© 2012 Alan L. Sklover, All Rights Reserved.

“If my mother works for my employer’s competitor, is that a conflict of interest?”

Published on August 28th, 2012 by Alan L Sklover

Question: Hi, Alan. I have recently been given a new contract at the place that I work. I work in the health care industry. So does my mother. In fact, she works at the competition just down the road from the store I work at. Do you consider that a conflict of interest? Do you think it is necessary to let my boss know before signing the contract? Thanks. 

Kylie
Toronto, Ontario

Answer: Dear Kylie: Conflicts of interest are tricky things to spot and even trickier to deal with. I am glad you have, at the very least, spotted the potential problem, and have written in. Here are my thoughts:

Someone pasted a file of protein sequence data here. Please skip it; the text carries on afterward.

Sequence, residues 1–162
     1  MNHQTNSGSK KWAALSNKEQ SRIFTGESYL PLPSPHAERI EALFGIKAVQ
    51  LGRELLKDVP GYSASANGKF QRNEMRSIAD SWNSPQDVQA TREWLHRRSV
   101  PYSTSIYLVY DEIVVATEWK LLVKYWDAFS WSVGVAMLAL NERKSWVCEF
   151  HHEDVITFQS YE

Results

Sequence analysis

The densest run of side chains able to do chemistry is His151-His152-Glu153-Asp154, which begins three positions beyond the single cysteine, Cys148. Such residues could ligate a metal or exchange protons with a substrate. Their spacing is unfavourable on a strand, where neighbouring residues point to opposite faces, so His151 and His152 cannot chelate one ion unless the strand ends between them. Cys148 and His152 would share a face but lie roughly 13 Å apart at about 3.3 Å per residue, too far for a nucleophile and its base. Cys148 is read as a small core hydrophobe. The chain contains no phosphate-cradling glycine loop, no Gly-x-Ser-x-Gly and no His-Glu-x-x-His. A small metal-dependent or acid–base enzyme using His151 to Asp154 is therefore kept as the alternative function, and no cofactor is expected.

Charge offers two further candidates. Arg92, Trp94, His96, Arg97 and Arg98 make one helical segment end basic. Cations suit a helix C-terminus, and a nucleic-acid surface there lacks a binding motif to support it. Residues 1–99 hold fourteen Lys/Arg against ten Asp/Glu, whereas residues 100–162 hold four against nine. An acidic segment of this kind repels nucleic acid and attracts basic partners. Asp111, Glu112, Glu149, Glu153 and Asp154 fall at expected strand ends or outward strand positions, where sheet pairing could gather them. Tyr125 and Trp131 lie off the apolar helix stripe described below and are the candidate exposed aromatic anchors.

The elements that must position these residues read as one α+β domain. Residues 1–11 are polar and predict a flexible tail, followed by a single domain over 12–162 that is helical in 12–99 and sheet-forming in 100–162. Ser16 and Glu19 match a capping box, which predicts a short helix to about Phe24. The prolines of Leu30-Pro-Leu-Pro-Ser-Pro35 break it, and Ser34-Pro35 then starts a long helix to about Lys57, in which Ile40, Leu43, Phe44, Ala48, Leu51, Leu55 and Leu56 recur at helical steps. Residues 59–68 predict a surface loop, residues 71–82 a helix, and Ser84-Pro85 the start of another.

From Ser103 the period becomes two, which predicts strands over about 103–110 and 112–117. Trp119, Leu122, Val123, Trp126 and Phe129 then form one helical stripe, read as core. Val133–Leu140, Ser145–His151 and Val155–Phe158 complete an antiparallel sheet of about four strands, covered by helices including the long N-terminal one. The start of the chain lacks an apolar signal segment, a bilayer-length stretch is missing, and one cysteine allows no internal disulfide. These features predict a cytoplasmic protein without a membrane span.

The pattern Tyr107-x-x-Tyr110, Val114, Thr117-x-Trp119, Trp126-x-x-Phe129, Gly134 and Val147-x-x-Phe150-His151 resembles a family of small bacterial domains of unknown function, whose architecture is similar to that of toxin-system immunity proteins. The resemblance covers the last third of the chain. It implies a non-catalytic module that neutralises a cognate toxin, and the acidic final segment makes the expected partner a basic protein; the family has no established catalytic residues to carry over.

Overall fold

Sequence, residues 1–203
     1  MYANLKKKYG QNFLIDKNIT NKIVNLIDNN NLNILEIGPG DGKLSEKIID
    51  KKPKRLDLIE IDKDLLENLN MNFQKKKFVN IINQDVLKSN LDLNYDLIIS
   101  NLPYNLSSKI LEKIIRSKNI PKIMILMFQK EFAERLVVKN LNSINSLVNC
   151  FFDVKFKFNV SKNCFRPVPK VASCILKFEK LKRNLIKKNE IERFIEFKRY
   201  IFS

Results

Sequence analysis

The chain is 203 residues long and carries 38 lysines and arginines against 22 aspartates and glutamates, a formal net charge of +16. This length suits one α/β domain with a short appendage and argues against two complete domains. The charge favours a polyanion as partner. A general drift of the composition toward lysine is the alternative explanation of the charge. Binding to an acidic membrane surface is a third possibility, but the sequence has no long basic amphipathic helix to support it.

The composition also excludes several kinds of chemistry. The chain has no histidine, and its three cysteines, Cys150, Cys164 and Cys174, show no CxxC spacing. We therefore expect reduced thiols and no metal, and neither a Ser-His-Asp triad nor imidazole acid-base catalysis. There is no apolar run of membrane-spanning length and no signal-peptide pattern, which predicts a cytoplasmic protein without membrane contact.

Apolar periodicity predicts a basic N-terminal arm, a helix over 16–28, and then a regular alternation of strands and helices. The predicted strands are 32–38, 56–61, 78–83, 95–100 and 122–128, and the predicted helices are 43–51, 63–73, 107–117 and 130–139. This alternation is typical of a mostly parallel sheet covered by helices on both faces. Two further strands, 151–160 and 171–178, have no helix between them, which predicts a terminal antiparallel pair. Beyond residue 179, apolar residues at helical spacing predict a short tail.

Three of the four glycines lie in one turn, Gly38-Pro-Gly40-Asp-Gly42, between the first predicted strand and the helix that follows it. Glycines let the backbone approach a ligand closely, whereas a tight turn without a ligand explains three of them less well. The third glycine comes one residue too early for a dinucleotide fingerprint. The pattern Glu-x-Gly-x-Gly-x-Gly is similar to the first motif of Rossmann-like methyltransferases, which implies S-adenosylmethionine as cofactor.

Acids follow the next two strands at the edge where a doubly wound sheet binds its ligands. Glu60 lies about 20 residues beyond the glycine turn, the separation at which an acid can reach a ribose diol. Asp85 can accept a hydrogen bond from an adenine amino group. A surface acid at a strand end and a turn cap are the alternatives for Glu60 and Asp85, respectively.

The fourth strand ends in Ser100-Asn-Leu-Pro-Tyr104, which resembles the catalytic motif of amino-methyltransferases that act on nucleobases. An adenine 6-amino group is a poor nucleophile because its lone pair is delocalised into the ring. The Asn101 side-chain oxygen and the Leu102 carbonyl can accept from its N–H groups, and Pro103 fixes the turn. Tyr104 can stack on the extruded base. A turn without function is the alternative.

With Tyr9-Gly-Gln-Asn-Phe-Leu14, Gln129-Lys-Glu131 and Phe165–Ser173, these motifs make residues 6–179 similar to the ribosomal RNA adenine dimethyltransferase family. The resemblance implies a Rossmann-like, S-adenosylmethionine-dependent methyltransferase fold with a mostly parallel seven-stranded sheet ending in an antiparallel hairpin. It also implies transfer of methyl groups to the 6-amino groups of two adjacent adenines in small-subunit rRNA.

1. A conflict of interest can be said to exist when your “interests” may make you feel “conflicted,” and thus make you uncertain of what to do or who to be loyal to. As readers of my blog know, I love to use this illustration: “A person with one watch always knows what time it is. A person with two watches is never sure.” 

I ask you to consider this hypothetical: Imagine your employer had a lot of business, but your mother’s employer had very little business. In fact, imagine that your mother’s employer had so little business, that her employer told her “Unless we get a new client this week, we must lay you off.” Imagine, too, that you felt very strongly that your employer would not at all suffer by your directing a client to your mother’s company.